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Abbey strikes out on its own in post-Just life

Out of the ashes of the Just Group's bankruptcy, London, England-based Abbey Home Media Group will return to MIPTV this month with a preschool-heavy property list. It's been a fairly rapid comeback for Abbey, which original owners Ian and Anna Miles re-purchased from Just's receivors in February 2002, along with Brit publishing house Marshal Direct and various properties Just had in development.
March 1, 2003

Out of the ashes of the Just Group’s bankruptcy, London, England-based Abbey Home Media Group will return to MIPTV this month with a preschool-heavy property list. It’s been a fairly rapid comeback for Abbey, which original owners Ian and Anna Miles re-purchased from Just’s receivors in February 2002, along with Brit publishing house Marshal Direct and various properties Just had in development.

Among these is a 2-D animated co-pro with the BBC and King Rollo Films called Wide Eye. Based on a successful educational book series that has sold a million units in 35 countries, Wide Eye tracks the gentle adventures of a wise owl, his son Hoot and other animals living in Natterjack Forest. Budgeted at US$4 million, the 26 x 10-minute show targets the three to six crowd and is scheduled to debut on CBBC and BBC2 this fall.

Another King Rollo co-pro in the works is a US$1.6-million, 2-D special based on Roald Dahl’s The Giraffe & Pelle & Me. Abbey is in final negotiations with a U.K. broadcaster, and the 50-minute, tween-targeted show should be ready to air this fall.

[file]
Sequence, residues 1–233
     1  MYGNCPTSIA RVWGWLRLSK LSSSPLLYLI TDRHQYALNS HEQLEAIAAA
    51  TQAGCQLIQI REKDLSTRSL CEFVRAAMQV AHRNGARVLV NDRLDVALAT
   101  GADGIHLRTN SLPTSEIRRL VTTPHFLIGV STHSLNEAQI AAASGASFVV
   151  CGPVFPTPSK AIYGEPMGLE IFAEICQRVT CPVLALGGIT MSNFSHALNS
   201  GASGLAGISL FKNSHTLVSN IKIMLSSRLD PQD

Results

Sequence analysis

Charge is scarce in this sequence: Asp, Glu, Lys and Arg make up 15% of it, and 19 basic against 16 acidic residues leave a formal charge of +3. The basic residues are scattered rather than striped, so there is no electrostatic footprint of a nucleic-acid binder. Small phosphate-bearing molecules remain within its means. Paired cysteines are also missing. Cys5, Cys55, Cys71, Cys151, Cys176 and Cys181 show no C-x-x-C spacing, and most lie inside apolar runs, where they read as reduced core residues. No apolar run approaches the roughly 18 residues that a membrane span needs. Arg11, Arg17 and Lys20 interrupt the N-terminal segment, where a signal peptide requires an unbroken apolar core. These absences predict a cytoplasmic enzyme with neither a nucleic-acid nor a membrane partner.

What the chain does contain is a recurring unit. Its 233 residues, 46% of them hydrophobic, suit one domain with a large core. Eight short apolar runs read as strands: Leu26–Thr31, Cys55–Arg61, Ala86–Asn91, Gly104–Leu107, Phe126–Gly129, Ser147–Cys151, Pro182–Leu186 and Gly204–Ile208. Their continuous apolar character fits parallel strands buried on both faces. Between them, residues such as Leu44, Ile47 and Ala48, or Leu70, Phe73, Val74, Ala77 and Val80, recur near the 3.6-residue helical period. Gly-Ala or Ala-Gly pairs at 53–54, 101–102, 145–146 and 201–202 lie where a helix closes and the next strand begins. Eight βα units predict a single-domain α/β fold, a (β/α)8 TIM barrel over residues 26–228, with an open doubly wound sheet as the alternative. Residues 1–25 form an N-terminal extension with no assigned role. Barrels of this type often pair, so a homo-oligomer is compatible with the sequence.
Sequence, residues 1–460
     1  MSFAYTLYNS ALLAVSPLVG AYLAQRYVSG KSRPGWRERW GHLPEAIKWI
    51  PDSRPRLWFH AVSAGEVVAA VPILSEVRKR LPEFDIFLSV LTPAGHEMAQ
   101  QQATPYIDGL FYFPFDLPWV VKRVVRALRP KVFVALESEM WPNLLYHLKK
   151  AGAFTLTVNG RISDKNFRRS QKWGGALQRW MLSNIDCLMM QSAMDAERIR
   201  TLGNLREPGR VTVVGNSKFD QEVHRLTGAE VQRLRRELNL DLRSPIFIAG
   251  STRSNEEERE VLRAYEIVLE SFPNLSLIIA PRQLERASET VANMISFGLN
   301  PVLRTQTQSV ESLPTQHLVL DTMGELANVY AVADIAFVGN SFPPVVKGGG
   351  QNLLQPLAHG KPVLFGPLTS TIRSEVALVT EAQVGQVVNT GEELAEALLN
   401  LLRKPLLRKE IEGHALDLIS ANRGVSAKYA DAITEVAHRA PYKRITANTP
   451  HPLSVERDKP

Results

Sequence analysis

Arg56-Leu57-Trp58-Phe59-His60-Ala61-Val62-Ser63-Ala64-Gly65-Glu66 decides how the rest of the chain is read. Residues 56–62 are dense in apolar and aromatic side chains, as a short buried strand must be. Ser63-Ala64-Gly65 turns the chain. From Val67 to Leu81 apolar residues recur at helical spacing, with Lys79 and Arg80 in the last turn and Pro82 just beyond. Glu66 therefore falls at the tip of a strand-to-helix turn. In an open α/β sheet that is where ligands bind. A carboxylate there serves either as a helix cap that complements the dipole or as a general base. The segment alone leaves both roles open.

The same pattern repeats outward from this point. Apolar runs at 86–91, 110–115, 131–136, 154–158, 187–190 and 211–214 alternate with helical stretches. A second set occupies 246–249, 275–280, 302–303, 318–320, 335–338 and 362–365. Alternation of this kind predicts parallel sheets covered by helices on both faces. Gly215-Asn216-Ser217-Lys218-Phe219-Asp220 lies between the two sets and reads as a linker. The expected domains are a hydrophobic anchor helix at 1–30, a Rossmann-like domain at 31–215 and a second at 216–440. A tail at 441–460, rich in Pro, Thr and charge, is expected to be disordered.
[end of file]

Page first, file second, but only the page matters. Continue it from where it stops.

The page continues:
Also in the kidlit category, Abbey is developing Lost in the Snow, a 2-D animated, half-hour special based on Brit author Ian Beck’s picture book about a teddy bear who gets lost in the snow on Christmas Eve and discovers that other toys can talk.

For the baby demo, Abbey is working on a series of five-minute episodes of CGI infant developmental series Baby Bright, which was originally conceived at Just as a stand-alone video series.

Mother Goose, a preschool-targeted retelling of the classic nursery rhyme, and updates of Abbey mainstays Teddy Trucks and Bump round out the company’s busy slate.

Committed to producing wholesome non-action fare for preschoolers to early tweens, Abbey will have a more focused approach to business than the now-defunct Just Group, which had dabbled in licensing, video game & book publishing and toy development before it filed for bankruptcy in January 2002. That said, Abbey will maintain an ambitious production slate over the next few years, and to help pay for the heightened level of activity, Ian Miles plans to take the company public by issuing an IPO on London’s Alternative Investment Market (AIM) as early as this May.

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